Credit Ombud resolves more cases

2012-05-15 10:29

The Credit Ombud resolved 40% more cases in 2011 compared to the year before, its annual report released today shows.

“Total disputes closed increased 39% across all departments, reaching 4 943,” the ombud said in a statement.

Credit Ombud Manie van Schalkwyk said the office received 14 167 complaints and enquiries between January and December 2011.

“We recovered a total of R2.4 million for complainants and found in favour of consumers 53% of the time,” he said.

The ombud deals with complaints about credit information, debt counselling and non-bank credit disputes.

It took on average 41 days to finalise a dispute, at a cost of R1 896 a dispute.

Van Schalkwyk said there had been a 212% increase in the number of non-bank credit disputes in 2011. The significant increase was off a low base as it was only the second year of operation for this department.

This included credit agreements for clothing, retail and furniture accounts, as well as loans from micro-lenders and credit providers which were not banks.

The ombud finalised 1 337 disputes.

“The major concern in the area of non-bank credit is in terms of statements, where payments are misallocated or statements are not forthcoming from credit providers,” said Van Schalkwyk.

The ombud resolved 3 192 credit information disputes in 2011 – a two percent increase on 2010.

Van Schalkwyk was concerned that monthly payment profile records were not being updated by credit providers and rescinded judgments remained on the credit bureaux.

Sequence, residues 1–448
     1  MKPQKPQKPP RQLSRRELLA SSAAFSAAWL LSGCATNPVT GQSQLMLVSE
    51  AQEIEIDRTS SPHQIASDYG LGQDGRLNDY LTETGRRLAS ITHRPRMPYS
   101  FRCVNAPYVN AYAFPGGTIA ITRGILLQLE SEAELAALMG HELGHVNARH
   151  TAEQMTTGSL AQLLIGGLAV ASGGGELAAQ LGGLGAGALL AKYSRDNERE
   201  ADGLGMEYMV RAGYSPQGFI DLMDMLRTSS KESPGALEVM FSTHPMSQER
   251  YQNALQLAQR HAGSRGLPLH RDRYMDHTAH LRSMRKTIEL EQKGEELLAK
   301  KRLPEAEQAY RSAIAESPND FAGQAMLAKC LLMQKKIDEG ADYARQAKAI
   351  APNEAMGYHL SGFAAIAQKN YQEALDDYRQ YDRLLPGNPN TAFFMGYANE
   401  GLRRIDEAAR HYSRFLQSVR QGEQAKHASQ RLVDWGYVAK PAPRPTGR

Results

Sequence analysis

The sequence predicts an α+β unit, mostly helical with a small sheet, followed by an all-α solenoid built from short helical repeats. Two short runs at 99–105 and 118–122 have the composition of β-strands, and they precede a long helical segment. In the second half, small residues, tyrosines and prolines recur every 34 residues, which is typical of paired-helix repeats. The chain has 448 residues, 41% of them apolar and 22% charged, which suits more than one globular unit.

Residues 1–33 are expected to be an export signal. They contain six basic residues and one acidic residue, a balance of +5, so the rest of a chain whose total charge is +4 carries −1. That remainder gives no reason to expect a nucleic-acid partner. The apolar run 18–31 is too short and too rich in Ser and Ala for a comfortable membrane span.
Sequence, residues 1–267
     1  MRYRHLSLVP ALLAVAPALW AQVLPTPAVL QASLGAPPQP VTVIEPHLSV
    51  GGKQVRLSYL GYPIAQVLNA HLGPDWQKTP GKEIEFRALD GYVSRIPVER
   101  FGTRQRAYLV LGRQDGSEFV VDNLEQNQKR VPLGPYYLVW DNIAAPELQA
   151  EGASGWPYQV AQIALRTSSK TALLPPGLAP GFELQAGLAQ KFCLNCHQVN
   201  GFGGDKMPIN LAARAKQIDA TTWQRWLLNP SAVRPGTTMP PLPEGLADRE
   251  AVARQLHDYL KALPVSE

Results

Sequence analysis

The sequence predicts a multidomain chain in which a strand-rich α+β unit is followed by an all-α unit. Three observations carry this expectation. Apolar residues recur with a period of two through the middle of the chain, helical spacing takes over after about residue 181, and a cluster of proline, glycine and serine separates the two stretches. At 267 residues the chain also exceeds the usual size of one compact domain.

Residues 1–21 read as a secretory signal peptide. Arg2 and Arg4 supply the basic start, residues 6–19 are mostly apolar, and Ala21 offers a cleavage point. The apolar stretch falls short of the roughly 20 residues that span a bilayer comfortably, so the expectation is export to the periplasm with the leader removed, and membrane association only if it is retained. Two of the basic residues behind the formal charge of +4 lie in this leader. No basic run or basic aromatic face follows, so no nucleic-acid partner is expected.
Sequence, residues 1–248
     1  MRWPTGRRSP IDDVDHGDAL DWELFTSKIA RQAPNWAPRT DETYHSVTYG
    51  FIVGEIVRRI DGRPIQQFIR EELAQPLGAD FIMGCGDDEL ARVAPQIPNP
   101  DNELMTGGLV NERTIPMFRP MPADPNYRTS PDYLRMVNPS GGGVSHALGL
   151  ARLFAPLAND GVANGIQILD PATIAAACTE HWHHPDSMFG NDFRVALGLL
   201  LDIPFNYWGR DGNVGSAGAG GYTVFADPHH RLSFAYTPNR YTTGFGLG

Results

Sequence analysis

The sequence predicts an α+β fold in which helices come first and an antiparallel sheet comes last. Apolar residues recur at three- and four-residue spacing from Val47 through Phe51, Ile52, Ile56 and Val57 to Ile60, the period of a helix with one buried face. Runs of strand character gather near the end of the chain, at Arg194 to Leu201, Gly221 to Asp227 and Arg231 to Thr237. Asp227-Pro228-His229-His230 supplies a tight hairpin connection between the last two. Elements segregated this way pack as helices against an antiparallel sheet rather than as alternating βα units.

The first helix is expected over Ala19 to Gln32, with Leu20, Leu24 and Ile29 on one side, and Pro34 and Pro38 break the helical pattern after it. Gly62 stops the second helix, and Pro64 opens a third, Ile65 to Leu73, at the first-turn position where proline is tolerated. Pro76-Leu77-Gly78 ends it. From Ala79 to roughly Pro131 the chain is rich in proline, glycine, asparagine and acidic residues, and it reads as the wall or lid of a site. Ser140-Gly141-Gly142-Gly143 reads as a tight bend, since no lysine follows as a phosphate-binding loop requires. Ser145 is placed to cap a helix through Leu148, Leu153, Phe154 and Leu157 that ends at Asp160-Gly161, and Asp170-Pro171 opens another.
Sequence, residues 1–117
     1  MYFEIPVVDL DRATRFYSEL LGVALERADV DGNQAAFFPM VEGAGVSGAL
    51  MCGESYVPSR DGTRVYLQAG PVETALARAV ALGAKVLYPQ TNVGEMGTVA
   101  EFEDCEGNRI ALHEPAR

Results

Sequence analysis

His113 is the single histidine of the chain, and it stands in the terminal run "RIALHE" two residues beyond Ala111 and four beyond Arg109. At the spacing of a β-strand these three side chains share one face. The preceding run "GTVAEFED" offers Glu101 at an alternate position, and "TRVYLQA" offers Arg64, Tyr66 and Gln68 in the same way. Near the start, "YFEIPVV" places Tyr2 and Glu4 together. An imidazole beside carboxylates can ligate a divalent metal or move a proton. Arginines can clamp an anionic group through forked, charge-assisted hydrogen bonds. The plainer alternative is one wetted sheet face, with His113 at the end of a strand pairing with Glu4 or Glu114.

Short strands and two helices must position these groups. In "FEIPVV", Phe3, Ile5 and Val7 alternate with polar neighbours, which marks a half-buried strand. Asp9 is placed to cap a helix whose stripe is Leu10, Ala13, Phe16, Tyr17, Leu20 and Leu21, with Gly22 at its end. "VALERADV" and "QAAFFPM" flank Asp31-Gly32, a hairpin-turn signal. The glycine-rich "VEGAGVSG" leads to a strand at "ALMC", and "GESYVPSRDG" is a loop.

“One reason for the delay in updating judgment information is that fraudulent rescission documents are being produced by consumers and the credit bureaux are having to be more vigilant in investigating these.

“As a result, credit bureaux are taking longer than the required 20 working days to update their records.”

The Credit Ombud launched a department to handle debt counselling disputes in April 2011. By the end of the year it had finalised 414 such disputes.

“We receive the more intricate and complicated matters that require an in-depth and comprehensive investigation, as well as urgent matters where a sale in execution or a repossession is imminent,” Van Schalkwyk said.

The ombud had managed to stop a number of sales in execution and repossessions, he said.

In December 2011 there were 19.34 million credit active consumers in the country, and 46% of them had impaired credit records, according to the annual report.

An impaired record means the consumer has three or more payments in arrears, or has an adverse listing, or has a judgment or administration order against their name.

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